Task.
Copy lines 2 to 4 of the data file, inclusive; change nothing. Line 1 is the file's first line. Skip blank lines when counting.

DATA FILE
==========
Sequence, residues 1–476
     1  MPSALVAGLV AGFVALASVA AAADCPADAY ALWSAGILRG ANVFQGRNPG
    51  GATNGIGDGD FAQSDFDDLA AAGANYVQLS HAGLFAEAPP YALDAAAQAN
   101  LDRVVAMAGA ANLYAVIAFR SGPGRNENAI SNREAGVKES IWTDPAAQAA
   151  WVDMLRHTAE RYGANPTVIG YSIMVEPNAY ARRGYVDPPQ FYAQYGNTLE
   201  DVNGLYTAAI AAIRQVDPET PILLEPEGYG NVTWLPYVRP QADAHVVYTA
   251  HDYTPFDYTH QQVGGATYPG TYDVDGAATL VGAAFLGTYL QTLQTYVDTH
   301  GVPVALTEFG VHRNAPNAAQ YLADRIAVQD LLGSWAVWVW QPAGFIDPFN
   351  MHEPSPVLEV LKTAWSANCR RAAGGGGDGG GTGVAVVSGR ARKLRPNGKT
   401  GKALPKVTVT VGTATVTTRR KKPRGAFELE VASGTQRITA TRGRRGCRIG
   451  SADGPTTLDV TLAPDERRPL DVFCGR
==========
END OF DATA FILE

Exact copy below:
     1  MPSALVAGLV AGFVALASVA AAADCPADAY ALWSAGILRG ANVFQGRNPG
    51  GATNGIGDGD FAQSDFDDLA AAGANYVQLS HAGLFAEAPP YALDAAAQAN
   101  LDRVVAMAGA ANLYAVIAFR SGPGRNENAI SNREAGVKES IWTDPAAQAA